Someone Is Mad at Beyoncé, & It Has To Do With the Challenger Explosion

Guys, someone is mad at Beyonce, and it's not just that very vocal part of feminism that keeps fighting with the rest of feminism and doesn't seem to understand that the Mrs. Carter tour was likely named with a tongue-in-cheek smirk. No, the people who are mad at Beyoncé are mad at Beyoncé because of her use of the Challenger explosion in one of her songs — and it's the kind of interruption into your daily Beyoncé worship that really makes you think.

The quibble in question comes from the fact that Beyoncé used a bit of the audio from the Challenger disaster in her song "XO." The song opens with a clip of voiceover from Steve Nesbitt, who served as the voice of NASA during the live television coverage of the failed launch in 1986. As it's sampled in the song, this is what he says: “Flight controllers here looking very carefully at the situation. Obviously a major malfunction.”

Now there is a post on expressing disapproval of Beyoncé's use of the song. The post in question is titled "Beyoncé: Sampling the Sounds Of Tragedy For Pop Music." June Scobee Rogers, who lost her husband in the Challenger explosion, said this about the inclusion of the clip in the song:

We were disappointed to learn that an audio clip from the day we lost our heroic Challenger crew was used in the song 'XO'. The moment included in this song is an emotionally difficult one for the Challenger families, colleagues and friends. We have always chosen to focus not on how our loved ones were lost, but rather on how they lived and how their legacy lives on today.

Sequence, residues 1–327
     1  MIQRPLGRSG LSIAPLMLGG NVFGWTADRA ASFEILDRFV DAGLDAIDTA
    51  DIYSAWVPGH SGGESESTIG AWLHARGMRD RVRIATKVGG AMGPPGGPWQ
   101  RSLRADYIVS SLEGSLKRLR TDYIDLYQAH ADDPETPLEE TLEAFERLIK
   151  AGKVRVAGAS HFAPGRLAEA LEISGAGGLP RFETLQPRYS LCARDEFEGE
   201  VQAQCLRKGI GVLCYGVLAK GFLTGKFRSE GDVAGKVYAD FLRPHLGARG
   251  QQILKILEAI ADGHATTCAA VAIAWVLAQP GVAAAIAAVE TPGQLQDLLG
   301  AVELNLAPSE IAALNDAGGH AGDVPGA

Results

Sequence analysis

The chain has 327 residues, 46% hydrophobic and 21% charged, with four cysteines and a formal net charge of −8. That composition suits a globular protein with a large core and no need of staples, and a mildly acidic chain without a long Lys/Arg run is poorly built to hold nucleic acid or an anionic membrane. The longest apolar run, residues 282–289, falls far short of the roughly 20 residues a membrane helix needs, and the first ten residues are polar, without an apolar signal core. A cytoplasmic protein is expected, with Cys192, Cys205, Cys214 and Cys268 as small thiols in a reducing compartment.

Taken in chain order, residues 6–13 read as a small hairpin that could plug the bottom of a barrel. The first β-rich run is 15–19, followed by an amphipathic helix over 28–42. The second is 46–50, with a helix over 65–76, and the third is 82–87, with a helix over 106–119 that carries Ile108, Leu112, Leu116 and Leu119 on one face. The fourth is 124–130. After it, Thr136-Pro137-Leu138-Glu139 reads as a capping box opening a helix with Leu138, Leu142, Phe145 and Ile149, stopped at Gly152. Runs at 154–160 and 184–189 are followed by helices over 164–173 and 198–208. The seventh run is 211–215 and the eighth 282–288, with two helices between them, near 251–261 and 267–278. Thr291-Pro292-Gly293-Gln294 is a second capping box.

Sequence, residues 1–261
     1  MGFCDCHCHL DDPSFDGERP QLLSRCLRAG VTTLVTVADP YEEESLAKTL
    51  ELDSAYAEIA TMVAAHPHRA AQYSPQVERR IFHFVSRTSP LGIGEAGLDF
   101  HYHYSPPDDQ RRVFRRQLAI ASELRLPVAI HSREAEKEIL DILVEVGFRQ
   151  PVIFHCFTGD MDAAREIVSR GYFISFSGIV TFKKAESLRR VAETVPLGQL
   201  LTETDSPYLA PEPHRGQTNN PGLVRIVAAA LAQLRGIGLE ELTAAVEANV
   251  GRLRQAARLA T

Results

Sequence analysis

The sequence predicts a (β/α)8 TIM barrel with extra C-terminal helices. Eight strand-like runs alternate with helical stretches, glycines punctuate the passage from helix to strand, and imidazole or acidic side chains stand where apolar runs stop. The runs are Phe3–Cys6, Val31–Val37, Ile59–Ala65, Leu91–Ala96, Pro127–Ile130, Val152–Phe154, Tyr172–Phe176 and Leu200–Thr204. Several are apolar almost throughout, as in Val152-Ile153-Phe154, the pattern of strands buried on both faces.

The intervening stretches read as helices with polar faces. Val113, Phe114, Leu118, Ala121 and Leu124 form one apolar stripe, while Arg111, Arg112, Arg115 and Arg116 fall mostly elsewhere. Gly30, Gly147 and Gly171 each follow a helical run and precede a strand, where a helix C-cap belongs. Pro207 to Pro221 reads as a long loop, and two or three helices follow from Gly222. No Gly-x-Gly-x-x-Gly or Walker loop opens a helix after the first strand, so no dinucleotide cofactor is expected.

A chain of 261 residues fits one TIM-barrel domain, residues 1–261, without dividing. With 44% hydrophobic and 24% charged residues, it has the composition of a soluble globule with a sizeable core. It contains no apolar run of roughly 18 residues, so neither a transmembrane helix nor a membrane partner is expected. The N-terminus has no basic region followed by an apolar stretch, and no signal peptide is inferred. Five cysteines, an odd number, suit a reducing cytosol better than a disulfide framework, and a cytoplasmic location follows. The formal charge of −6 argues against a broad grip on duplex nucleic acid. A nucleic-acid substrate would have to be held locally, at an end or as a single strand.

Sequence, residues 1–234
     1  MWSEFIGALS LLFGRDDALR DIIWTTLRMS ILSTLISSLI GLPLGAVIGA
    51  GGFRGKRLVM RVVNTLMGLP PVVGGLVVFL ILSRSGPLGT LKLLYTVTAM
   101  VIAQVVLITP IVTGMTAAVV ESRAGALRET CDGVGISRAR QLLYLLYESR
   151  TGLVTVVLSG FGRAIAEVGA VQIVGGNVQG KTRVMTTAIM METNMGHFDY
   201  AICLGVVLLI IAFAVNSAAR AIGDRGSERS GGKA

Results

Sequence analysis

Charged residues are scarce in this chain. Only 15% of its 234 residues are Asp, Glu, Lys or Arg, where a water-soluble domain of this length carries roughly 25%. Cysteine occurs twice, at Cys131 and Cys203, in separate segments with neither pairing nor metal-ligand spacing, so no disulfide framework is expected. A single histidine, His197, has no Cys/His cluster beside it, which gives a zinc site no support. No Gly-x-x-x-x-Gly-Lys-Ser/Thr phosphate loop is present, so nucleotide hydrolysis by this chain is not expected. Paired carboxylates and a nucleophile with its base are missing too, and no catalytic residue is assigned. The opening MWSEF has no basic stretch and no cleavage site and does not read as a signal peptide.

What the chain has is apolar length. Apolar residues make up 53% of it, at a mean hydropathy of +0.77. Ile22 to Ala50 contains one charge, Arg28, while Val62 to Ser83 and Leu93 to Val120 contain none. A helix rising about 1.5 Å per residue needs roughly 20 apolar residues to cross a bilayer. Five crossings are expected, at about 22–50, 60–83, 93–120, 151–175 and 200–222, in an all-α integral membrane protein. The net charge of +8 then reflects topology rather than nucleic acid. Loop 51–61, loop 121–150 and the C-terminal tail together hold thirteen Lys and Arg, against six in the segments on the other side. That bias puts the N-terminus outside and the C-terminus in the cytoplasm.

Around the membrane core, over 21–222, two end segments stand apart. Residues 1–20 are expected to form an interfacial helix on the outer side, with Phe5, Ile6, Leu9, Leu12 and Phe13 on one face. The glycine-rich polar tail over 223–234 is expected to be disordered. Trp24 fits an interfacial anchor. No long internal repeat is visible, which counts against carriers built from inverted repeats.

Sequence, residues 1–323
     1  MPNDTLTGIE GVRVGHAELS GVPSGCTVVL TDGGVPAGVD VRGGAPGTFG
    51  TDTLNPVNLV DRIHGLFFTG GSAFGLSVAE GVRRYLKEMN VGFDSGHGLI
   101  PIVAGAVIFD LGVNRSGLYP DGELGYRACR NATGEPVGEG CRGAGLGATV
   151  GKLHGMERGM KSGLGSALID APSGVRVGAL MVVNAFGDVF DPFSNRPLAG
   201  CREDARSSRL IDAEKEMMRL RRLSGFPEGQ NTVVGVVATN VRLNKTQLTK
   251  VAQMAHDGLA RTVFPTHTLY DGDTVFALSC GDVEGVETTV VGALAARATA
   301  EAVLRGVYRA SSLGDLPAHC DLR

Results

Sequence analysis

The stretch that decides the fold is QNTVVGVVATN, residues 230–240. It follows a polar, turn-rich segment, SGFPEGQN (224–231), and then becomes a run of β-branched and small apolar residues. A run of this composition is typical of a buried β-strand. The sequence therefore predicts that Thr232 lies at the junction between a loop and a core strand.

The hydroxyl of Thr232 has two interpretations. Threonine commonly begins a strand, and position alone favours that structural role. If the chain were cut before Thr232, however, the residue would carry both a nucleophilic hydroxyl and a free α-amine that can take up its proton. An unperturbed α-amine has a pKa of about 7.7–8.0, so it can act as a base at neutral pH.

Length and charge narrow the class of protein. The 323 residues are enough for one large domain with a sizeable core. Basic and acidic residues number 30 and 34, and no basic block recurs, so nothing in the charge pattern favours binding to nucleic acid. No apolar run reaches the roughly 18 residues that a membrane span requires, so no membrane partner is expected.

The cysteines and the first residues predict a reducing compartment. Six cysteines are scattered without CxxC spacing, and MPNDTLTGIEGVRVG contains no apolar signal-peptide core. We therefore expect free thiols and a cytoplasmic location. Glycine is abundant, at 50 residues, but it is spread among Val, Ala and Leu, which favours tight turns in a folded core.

Beyonce, for her part, has responded with a statement of her own:

My heart goes out to the families of those lost in the Challenger disaster. The song ‘XO’ was recorded with the sincerest intention to help heal those who have lost loved ones and to remind us that unexpected things happen, so love and appreciate every minute that you have with those who mean the most to you. The songwriters included the audio in tribute to the unselfish work of the Challenger crew with hope that they will never be forgotten.

The audio clip isn't exactly crucial to the song as a whole, so we'll see how this all shakes out — it is certainly understandable for those affected by the tragedy to be affected by its inclusion. It also, somewhat separate from that, interesting to see Beyoncé — who has so often been the subject of almost blind hero worship — at the center of a controversy.

Perhaps it's even a healthy dose of something society needs (though the Challenger families could obviously do without it). It's like David Wong once said: "Remember, there are two ways to dehumanize someone: by dismissing them, and by idolizing them."

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